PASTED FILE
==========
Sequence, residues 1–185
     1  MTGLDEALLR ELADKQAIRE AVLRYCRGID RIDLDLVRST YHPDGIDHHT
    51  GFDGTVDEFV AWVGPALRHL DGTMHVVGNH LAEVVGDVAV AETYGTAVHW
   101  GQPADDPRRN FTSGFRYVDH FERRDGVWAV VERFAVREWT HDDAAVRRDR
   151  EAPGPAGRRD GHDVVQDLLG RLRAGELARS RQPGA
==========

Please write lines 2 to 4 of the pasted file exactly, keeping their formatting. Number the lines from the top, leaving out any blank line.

     1  MTGLDEALLR ELADKQAIRE AVLRYCRGID RIDLDLVRST YHPDGIDHHT
    51  GFDGTVDEFV AWVGPALRHL DGTMHVVGNH LAEVVGDVAV AETYGTAVHW
   101  GQPADDPRRN FTSGFRYVDH FERRDGVWAV VERFAVREWT HDDAAVRRDR